Here, we investigated the effects of kinase inhibition by Dasatinib, CK59, and CID755673 on K562-induced natural cytotoxicity of NK cells within PBMC populations and pure NK cells isolated from human blood donors. They have been established as valid tools for enzyme inhibition in particular at the level of primary human immune cells (Krieg and Ullrich, 2012).
Dasatinib, formerly BMS-354825 or Sprycel®, is a multi-targeted kinase inhibitor that is not restricted to SFKs but also targets, e.g., the tyrosine kinase BCR-ABL1 (Lombardo et al., 2004), and is generally used as drug in leukemia therapy. Due to the structural homology of SFKs (Boggon and Eck, 2004), Dasatinib has a relatively broad target spectrum. Therefore, Dasatinib serves as a useful tool for proof-of-concept experiments, as SFKs play a major role in NK cell activation (Vivier et al., 2004; Lanier, 2008). The potency of Dasatinib was underlined by previous experiments, which showed its efficiency in inhibiting the effector functions of NK cells in vitro (Blake et al., 2008; Fraser et al., 2009; Salih et al., 2010). Consequently, the results of our study were completely in accordance with the data of Salih and colleagues. Additionally, our results showed remarkably reduced degranulation events and TNF-α secretion in PBMC fractions and pure NK cells. However, it was demonstrated recently that a 24-h-pretreatment with Dasatinib, followed by wash off led to dose-dependent enhancement of NK cell cytokine production, CD107a expression, and cytotoxicity against selected lymphoma and leukemia cell lines (Hassold et al., 2012). This ability of NK cells to recover effector functions after longer Dasatinib pretreatment might be explained by physiological adaptation of the cells to drug exposure. In contrast to Dasatinib, CK59, and CID755673 are considered as highly specific kinase inhibitors.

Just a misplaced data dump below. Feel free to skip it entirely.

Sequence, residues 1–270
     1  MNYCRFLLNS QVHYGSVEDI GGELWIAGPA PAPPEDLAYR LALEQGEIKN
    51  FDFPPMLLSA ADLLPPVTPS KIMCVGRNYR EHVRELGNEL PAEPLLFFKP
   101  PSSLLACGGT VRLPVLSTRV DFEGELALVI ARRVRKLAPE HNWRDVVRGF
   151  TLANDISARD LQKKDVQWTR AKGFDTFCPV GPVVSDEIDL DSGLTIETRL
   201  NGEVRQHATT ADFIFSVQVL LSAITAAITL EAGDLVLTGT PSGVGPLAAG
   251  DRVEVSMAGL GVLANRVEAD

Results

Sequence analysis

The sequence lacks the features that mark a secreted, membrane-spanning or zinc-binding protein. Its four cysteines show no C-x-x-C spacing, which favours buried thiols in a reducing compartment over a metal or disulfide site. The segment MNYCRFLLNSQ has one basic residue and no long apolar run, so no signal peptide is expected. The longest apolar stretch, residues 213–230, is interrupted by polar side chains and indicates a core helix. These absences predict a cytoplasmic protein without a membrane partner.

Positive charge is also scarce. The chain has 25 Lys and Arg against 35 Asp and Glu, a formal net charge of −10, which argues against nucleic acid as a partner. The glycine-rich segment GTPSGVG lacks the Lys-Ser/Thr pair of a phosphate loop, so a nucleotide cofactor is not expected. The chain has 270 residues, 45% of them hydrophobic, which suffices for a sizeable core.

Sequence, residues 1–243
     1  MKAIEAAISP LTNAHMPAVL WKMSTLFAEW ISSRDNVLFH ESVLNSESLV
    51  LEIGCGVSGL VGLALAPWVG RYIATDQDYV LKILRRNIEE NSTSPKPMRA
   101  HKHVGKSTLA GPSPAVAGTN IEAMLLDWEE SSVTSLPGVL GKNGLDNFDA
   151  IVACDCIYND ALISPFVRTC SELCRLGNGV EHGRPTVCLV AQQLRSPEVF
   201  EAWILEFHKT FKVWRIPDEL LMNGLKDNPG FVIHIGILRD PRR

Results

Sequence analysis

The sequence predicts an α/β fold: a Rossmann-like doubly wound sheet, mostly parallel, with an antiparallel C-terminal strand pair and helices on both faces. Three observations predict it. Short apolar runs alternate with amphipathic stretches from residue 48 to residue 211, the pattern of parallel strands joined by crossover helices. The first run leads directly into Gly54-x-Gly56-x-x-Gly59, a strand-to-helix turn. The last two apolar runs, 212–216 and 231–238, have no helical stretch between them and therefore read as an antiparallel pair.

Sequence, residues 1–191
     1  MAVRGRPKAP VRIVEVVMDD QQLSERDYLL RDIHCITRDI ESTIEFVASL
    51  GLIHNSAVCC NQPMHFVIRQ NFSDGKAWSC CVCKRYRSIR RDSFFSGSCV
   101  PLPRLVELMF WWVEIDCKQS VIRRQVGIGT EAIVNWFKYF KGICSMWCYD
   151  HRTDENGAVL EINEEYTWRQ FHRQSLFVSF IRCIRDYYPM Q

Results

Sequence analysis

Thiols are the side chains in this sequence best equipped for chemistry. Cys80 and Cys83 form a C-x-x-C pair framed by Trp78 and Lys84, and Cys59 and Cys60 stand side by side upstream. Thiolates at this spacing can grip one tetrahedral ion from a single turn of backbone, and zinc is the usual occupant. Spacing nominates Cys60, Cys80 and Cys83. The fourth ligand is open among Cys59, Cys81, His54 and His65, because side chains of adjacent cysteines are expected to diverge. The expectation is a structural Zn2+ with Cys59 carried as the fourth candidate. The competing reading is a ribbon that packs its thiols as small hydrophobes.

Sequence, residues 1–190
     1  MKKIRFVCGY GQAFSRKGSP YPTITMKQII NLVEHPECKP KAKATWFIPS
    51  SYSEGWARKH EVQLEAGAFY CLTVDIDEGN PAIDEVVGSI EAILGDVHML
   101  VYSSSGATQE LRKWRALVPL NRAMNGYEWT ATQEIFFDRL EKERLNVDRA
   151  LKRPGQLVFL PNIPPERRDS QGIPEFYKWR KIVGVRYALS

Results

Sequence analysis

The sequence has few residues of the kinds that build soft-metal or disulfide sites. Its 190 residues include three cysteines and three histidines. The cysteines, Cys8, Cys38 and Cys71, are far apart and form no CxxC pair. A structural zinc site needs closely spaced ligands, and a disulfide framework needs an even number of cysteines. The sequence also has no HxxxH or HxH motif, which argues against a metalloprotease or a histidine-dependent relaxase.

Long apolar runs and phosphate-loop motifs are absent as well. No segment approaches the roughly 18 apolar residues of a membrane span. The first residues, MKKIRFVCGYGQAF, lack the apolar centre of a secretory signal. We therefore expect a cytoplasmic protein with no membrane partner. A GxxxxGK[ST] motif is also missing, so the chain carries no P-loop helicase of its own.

CK59 is an analog of the kinase inhibitor olomoucine, which was demonstrated to specifically inhibit CaMKII isoforms. Indeed, CaMKII-γ and CaMKII-δ were found to be the kinases with the highest affinity to immobilized CK59 (Konstantopoulos et al., 2007). Incubation of immune-precipitated CaMKII in vitro showed that 10 μM CK59 reduce CaMKII activity by 55%. It has already been shown that inhibition of CaMKII prevents NK cell-mediated killing of autologous dendritic cells (DC) (Poggi et al., 2002). The secretion of IFN-γ by NK cells upon contact with DCs, which activates the DCs, is also inhibited. Interestingly, our results are at variance with the results of Poggi and colleagues. Poggi and colleagues reported that the inhibition of CaMKII did not significantly reduce K562 target cell killing by NK cells, whereas this was demonstrated in this study. To explain these differences, it has to be considered that we studied degranulation and cytokine release, whereas Poggi and colleagues analyzed the specific lysis of target cells, measured by Chromium51 release. Furthermore, we analyzed degranulation after 2 h in CD3−CD56+ NK cells and Poggi and colleagues after 4 h in CD3−CD16+ NK cells, also using completely different CaMKII inhibitors (KN62 and KN93). Therefore, CaMKII might only be involved in cellular processes coordinating degranulation, but not the killing of target cells.